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Peroxisomes are eukaryotic organelles critical for plant and human development because they house essential metabolic functions, such as fatty acid β-oxidation. The interacting ATPases PEX1 and PEX6 contribute to peroxisome function by recycling PEX5, a cytosolic receptor needed to import proteins targeted to the peroxisomal matrix. Arabidopsis pex6 mutants exhibit low PEX5 levels and defects in peroxisomal matrix protein import, oil body utilization, peroxisomal metabolism, and seedling growth. These defects are hypothesized to stem from impaired PEX5 retrotranslocation leading to PEX5 polyubiquitination and consequent degradation of PEX5 via the proteasome or of the entire organelle via autophagy. We recovered a pex1 missense mutation in a screen for second-site suppressors that restore growth to the pex6-1 mutant. Surprisingly, this pex1-1 mutation ameliorated the metabolic and physiological defects of pex6-1 without restoring PEX5 levels. Similarly, preventing autophagy by introducing an atg7-null allele partially rescued pex6-1 physiological defects without restoring PEX5 levels. atg7 synergistically improved matrix protein import in pex1-1 pex6-1, implying that pex1-1 improves peroxisome function in pex6-1 without impeding autophagy of peroxisomes (i.e., pexophagy). pex1-1 differentially improved peroxisome function in various pex6 alleles but worsened the physiological and molecular defects of a pex26 mutant, which is defective in the tether anchoring the PEX1–PEX6 hexamer to the peroxisome. Our results support the hypothesis that, beyond PEX5 recycling, PEX1 and PEX6 have additional functions in peroxisome homeostasis and perhaps in oil body utilization.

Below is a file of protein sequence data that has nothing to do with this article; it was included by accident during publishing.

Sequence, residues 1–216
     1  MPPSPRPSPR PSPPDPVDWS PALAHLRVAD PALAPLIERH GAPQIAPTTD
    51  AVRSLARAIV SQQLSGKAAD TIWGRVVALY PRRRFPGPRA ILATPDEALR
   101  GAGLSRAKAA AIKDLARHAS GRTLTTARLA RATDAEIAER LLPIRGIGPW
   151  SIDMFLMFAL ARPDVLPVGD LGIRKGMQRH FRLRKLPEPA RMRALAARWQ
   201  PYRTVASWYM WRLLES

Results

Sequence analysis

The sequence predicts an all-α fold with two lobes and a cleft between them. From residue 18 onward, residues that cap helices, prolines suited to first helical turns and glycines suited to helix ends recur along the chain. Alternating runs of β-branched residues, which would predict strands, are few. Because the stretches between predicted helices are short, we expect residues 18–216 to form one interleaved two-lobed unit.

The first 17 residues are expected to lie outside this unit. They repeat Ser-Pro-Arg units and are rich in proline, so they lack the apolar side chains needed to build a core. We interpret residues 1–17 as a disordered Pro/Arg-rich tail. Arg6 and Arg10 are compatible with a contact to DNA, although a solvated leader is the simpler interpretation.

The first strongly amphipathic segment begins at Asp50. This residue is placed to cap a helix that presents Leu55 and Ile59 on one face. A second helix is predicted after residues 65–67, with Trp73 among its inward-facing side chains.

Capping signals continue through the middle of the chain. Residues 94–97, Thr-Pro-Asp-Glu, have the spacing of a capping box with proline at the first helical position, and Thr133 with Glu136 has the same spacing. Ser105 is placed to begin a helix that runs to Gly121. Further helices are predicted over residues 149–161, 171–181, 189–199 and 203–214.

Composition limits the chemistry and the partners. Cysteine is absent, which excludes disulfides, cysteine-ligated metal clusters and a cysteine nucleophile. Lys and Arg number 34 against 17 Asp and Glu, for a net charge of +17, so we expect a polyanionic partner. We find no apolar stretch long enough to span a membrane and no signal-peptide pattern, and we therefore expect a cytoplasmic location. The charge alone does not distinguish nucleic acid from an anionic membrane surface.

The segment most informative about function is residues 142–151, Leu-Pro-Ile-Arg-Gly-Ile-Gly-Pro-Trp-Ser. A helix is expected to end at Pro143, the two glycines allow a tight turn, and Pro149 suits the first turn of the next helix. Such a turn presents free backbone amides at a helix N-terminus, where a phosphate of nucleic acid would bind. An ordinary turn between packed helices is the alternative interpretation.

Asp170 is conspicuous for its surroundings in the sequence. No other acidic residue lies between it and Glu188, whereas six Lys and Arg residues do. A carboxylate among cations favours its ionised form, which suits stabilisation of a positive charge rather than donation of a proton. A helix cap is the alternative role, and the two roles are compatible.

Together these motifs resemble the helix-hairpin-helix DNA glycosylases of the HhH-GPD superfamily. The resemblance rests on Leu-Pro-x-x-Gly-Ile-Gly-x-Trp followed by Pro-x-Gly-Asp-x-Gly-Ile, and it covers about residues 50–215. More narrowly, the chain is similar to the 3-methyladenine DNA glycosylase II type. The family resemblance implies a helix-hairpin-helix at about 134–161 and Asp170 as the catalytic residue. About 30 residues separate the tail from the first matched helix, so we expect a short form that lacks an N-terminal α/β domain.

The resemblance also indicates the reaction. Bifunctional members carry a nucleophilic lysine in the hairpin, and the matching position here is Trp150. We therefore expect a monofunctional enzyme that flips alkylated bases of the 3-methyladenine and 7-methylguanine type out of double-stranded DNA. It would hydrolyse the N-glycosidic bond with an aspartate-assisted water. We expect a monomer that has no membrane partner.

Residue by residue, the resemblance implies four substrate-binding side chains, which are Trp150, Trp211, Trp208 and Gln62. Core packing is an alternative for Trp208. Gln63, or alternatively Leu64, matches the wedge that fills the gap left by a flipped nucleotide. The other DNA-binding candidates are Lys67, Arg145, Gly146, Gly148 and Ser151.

Publication Date

April 2018

Publication Title

Proceedings of the National Academy of Sciences of the United States of America





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